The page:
“I find the moral courage is the most valuable and most usually absent characteristic.”
-General George S. Patton Jr
There are many characteristics that each of us possess that helps make us us. Some are but not limited to loyalty, honesty, integrity, fortitude, and other important virtues that promote good behavior. One of the United States most famous U.S. Generals is George S. Patton Jr once said that he felt moral courage was by far the most valuable and the one least present in us. Though we don’t know why he felt that way we can however focus on how to bring out our own moral courage in ourselves and others. At the same time we can do several things to avoid being discouraging too.
In December 2011 the Leadership Freak Blog wrote about Five Ways to Fill Others With Courage. The blog further gave ways to avoid discouraging others.
Ways to encourage courage others and ourselves
- Understand the dreams of others (and ourselves). Leadership begins with understanding and accepting the dreams of others.
- See the strengths in others (and in ourselves) rather than persistently working to improve weaknesses. Inordinate desire to improve things may create negativity. Spend more time focused on strengths.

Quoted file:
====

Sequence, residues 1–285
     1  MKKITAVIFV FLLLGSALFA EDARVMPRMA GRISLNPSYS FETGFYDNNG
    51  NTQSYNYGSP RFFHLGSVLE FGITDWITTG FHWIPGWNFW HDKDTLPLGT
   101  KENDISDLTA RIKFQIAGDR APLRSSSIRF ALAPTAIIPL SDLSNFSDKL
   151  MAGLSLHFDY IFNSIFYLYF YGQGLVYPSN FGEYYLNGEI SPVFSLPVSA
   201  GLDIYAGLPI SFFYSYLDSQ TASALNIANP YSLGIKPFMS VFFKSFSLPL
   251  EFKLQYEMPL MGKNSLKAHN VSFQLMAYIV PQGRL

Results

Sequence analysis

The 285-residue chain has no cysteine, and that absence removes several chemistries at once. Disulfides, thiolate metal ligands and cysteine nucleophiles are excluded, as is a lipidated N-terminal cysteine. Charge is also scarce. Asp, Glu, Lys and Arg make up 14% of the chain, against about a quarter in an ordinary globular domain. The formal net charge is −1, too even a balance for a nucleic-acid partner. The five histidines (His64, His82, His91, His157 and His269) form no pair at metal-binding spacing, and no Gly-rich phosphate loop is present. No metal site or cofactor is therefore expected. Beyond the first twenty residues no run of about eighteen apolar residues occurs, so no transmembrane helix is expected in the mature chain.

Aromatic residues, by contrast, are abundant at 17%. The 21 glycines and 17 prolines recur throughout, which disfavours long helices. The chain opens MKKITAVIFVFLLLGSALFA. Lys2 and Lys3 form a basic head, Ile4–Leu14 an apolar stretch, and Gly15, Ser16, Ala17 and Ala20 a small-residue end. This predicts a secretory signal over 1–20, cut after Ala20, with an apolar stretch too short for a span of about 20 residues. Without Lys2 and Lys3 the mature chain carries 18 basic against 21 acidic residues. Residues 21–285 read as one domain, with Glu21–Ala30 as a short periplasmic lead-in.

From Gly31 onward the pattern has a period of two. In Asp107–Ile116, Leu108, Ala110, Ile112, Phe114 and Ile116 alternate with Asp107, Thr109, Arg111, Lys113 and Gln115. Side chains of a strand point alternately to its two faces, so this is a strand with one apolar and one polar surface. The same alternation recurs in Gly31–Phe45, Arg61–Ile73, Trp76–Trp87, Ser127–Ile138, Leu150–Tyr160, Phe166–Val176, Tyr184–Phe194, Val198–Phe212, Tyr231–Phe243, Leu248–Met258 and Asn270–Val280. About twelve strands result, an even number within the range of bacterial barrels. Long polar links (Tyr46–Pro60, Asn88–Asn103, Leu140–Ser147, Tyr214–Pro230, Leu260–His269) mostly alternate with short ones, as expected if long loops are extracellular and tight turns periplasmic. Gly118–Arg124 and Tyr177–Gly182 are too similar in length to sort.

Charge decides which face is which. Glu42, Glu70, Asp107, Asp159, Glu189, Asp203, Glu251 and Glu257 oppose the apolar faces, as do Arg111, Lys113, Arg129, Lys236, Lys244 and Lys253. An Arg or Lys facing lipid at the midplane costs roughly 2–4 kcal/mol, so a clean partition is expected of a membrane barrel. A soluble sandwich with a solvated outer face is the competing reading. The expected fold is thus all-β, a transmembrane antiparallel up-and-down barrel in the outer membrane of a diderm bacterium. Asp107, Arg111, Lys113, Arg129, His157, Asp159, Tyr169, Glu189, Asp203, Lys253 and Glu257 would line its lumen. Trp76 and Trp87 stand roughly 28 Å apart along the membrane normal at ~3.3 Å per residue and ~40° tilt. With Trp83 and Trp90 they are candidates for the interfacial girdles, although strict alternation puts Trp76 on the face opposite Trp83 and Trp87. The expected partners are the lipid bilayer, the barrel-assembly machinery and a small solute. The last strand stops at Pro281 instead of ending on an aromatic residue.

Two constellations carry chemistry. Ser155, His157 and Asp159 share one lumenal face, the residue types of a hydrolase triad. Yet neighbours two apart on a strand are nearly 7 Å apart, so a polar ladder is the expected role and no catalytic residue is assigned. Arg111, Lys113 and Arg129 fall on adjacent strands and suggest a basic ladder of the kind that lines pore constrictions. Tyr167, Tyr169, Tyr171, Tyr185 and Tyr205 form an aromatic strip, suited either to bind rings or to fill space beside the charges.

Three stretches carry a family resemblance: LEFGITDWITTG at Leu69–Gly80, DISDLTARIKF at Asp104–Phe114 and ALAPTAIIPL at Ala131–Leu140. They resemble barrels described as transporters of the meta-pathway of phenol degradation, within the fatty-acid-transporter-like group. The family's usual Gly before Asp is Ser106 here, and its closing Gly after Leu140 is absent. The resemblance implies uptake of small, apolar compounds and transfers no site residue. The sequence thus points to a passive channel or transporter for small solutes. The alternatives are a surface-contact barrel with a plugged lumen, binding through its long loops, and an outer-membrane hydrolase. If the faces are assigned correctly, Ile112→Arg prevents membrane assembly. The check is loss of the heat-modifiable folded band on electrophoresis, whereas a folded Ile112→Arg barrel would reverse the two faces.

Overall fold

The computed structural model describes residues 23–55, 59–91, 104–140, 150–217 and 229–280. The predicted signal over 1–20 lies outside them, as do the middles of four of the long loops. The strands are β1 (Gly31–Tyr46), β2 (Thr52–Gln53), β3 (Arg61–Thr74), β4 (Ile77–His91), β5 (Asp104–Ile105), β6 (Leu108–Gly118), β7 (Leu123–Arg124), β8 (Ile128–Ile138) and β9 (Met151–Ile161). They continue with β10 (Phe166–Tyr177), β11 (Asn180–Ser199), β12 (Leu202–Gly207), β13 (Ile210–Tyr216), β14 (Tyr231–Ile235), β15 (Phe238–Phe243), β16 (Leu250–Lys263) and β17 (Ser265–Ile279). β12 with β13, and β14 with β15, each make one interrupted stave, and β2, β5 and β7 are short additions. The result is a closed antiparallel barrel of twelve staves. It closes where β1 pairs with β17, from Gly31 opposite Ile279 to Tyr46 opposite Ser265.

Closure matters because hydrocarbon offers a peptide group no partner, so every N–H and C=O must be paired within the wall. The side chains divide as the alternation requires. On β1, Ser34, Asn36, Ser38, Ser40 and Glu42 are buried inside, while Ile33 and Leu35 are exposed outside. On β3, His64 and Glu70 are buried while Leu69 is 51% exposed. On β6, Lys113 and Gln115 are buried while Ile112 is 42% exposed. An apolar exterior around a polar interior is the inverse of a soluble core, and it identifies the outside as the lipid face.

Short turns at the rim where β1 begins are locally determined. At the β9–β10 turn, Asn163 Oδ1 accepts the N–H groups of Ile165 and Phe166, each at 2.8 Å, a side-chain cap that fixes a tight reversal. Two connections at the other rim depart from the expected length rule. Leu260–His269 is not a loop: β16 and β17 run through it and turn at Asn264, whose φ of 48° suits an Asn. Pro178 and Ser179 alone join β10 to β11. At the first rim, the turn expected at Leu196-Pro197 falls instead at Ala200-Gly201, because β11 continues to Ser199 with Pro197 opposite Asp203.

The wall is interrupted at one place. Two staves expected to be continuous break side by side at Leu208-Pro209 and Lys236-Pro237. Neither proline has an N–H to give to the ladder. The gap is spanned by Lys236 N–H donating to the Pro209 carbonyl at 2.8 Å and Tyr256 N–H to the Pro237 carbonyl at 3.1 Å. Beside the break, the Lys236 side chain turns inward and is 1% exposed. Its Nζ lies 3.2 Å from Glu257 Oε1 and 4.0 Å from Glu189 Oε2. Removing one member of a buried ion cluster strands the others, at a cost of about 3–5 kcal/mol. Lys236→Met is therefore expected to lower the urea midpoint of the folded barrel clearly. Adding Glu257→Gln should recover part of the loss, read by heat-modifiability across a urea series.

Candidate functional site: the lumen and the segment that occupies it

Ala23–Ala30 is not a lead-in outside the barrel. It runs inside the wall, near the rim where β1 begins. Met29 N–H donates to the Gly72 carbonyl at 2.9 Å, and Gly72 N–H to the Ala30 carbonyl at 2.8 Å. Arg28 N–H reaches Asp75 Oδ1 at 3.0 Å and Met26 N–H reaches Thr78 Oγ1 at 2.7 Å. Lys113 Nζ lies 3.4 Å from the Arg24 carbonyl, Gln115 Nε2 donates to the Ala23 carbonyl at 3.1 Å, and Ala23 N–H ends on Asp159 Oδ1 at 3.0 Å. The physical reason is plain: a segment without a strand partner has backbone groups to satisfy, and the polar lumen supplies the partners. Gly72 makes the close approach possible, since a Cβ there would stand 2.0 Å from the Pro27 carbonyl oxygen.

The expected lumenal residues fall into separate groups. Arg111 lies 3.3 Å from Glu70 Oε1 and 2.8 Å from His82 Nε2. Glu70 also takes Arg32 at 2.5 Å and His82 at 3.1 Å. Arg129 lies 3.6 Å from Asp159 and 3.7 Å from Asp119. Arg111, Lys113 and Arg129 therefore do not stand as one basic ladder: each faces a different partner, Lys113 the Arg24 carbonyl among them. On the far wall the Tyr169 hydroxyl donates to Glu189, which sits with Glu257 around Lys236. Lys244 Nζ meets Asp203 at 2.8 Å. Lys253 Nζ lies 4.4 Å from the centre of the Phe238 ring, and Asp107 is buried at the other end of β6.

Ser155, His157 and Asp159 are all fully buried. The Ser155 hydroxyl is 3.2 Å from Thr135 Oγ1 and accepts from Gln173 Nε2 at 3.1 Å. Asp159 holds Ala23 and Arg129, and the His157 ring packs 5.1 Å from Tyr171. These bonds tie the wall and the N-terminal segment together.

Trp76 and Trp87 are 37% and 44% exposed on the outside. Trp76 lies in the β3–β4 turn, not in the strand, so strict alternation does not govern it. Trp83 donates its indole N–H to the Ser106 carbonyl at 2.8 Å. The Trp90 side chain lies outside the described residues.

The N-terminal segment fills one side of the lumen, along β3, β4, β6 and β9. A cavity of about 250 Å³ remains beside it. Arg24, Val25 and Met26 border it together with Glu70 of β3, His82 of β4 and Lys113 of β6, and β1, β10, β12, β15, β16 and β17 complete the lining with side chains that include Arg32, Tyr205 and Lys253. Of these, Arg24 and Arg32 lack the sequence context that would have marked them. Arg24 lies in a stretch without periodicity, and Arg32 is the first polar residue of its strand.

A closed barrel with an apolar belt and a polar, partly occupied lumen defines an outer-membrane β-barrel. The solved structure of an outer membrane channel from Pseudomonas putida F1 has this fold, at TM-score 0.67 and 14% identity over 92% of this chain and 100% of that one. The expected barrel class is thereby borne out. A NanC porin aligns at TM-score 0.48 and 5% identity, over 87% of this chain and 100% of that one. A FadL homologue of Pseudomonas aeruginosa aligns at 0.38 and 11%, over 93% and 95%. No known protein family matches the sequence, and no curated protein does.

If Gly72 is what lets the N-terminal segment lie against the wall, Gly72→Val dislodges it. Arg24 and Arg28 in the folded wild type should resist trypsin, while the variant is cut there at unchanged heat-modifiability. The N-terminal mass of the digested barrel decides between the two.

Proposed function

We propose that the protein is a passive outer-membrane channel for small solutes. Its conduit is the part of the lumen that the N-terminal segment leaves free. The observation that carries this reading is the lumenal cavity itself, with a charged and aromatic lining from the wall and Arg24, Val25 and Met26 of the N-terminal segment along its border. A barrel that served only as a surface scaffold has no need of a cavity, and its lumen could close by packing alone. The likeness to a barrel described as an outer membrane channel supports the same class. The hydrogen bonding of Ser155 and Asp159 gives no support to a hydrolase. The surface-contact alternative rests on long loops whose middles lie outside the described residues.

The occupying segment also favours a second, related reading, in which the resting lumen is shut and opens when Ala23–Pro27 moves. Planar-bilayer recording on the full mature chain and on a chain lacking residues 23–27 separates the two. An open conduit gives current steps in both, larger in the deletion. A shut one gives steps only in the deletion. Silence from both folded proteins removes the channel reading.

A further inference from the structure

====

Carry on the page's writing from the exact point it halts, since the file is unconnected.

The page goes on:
- Speak hopefully. All great leaders are always realistically optimistic. If you don’t think others can rise up to meet challenges, get out of leadership.
- Serve others (and yourself) by helping them reach their dreams.
- When possible, meet a need (others’ needs and yours).
Ways to Discourage Courage From Happening
- Do nothing.
- Say nothing.
- Be negative.
One of my biggest takeaways is that bringing out the courage in ourselves and others requires more action on our part. So really things are within our control and with the help of our own moral compass we will ensure that this characteristic is present always.
What does this quote mean to you and how can you apply today’s message towards defining/refining your own moral compass?